Details emerged yesterday of how much the repeat presidential election will cost as chairman Wafula Chebukati and his commissioners headed to Naivasha for a retreat aimed at ironing out their differences.
The repeat presidential election will cost Sh12 billion and the commission has already written to the National Treasury requesting that the money be released quickly so they can prepare well for the election due in 35 days.
The Kenyan election is among the most expensive globally.
In the last election, the IEBC spent Sh42 billion, but it was still indicted by the Supreme Court for having “failed, neglected or refused to conduct the presidential election in a manner consistent with the dictates of the Constitution”.
According to the new budget obtained exclusively by the Star, enhancement of electoral technology, polling officials’ wages, election materials including ballot papers and transport, will consume the bulk of the cash.
The electoral agency has set aside Sh1.49 billion for what it terms as enhancement of technology, Sh2.39 billion for polling officials’ wages, and Sh1.9 billion for transport at the county levels.
Sh1.3 billion would be spent on acquisition of election materials, including ballot papers, Sh2.9 billion on training of polling officials and hire of equipment during training, while Sh214 million have been earmarked as “tallying centre expenses”.
“A draft budget has been presented to the National Treasury for consideration. We expect expeditious allocation of funds to allow for implementation of the key tasks ahead, especially those related to ICT and training,” said Chebukati.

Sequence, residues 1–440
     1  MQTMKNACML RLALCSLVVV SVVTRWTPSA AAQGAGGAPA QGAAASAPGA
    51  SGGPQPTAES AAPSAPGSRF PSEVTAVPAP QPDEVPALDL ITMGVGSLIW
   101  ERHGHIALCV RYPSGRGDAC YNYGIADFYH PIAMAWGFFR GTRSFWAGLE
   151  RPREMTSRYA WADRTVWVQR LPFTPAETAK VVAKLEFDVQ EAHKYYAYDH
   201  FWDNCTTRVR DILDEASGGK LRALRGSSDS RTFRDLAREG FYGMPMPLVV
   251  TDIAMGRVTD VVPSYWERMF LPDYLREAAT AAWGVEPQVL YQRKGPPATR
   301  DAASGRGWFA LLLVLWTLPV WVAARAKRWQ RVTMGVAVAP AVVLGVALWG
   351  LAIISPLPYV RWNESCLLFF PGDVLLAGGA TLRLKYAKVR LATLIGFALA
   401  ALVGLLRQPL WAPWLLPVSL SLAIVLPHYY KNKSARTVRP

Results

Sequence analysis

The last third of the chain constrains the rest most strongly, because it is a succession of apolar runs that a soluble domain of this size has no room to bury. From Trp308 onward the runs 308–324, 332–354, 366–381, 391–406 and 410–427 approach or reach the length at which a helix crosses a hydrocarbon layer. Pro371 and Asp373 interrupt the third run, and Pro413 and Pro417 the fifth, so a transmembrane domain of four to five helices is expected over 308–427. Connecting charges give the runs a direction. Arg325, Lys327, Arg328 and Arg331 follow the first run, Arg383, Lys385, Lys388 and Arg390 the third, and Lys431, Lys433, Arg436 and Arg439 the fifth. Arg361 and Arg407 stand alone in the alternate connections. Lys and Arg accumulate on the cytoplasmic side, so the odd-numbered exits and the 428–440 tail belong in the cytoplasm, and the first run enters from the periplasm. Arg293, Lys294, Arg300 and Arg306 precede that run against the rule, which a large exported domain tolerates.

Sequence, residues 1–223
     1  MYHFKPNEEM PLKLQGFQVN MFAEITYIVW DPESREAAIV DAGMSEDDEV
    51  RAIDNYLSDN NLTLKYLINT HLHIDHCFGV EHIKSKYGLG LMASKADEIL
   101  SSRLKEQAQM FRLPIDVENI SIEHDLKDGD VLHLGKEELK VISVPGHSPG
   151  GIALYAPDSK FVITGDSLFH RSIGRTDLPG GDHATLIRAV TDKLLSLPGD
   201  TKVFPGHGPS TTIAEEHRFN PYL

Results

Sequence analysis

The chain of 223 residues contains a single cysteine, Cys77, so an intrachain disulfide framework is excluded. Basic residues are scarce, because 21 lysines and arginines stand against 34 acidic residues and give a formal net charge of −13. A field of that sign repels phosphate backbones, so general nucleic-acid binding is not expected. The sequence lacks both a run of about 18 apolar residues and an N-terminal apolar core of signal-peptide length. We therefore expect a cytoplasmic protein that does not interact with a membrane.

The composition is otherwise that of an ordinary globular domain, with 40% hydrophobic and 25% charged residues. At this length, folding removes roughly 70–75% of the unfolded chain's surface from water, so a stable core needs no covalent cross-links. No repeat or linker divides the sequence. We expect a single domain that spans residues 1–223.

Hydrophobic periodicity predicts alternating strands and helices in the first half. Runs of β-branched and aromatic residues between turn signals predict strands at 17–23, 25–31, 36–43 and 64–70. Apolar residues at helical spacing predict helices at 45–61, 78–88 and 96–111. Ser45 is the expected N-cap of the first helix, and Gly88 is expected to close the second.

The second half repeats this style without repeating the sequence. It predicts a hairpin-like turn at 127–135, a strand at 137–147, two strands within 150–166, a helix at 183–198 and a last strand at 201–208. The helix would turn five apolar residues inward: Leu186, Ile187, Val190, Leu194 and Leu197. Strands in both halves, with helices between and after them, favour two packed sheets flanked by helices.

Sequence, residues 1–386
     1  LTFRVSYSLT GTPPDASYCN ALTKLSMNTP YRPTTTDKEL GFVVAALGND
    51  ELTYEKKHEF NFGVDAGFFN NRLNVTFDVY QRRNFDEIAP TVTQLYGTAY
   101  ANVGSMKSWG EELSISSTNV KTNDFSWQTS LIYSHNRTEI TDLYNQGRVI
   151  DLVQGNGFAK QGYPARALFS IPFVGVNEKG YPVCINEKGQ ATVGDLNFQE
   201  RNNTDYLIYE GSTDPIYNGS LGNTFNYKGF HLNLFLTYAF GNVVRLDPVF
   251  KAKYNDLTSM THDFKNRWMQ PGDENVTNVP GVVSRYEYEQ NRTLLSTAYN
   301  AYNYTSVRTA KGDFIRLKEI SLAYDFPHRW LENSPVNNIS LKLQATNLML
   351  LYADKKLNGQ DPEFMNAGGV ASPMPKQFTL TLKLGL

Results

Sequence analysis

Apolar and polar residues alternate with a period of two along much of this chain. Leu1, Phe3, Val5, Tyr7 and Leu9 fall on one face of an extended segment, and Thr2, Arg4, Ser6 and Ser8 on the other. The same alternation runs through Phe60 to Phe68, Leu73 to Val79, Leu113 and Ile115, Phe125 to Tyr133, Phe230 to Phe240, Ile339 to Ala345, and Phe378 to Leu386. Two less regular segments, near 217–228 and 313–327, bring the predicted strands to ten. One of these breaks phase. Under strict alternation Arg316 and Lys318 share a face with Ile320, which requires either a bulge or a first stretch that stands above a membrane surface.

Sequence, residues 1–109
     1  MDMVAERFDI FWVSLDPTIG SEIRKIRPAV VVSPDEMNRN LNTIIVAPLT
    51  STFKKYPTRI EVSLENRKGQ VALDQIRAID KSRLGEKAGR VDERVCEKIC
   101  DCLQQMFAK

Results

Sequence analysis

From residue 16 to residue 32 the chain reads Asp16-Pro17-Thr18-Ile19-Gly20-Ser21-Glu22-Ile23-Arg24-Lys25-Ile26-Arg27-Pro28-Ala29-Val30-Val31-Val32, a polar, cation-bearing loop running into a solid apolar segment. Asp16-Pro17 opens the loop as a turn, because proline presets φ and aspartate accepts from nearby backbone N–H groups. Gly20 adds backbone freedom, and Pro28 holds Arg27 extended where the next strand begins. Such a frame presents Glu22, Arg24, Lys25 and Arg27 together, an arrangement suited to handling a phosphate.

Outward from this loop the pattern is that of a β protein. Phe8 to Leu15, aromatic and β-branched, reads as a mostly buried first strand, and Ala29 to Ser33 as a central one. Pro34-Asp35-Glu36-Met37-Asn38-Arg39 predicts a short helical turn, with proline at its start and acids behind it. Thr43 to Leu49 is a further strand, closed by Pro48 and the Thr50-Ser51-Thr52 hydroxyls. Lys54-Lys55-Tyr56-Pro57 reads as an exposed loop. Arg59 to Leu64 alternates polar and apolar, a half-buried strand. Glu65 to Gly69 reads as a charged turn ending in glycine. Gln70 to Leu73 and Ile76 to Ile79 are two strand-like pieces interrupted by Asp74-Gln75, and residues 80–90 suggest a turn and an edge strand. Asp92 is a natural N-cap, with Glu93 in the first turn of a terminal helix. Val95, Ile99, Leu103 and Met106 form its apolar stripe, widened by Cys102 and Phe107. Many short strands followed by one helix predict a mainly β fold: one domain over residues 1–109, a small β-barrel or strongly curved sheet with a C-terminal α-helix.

Illegalities and irregularities that dogged the results transmission system were at the heart of the Supreme Court ruling that nullified President Uhuru Kenyatta’s victory.
To redeem its battered image, the IEBC intends to allocate Sh1.49 billion for technology, especially enhancement of the results transmission system.
Sh136 million will be spent on ICT security, Sh147 million on back end and technical support, while Sh516 million would be spent on network and communication.
Opposition chief Raila Odinga claims the IEBC servers were hacked and results doctored in Uhuru’s favour.
On Friday NASA Presidential Campaign Chairman Musalia Mudavadi wrote to the French government to institute prosecutions against Safran Identity and Morpho –– the two firms that supplied technology to the IEBC.
“The purpose of this letter is to urge that the French government initiate administrative and where possible criminal investigations against the said companies and its officials, specifically Mr Laurent Lampert, Head of Project Kenya and Mr Axel Gaucher, Head of Analytics, who were complicit in the above stated illegal and unethical acts,” Musalia said.
In an explosive memo to Commission CEO Ezra Chiloba, Chebukati also alluded to a possible interference with the IEBC servers.
Chebukati protested that his account was created and used to undertake 9,934 transactions in the IEBC server without his knowledge and consent.
According to the IEBC budget, Sh2.39 billion will be spent to pay 217,674 temporary staff that will be engaged on October 17.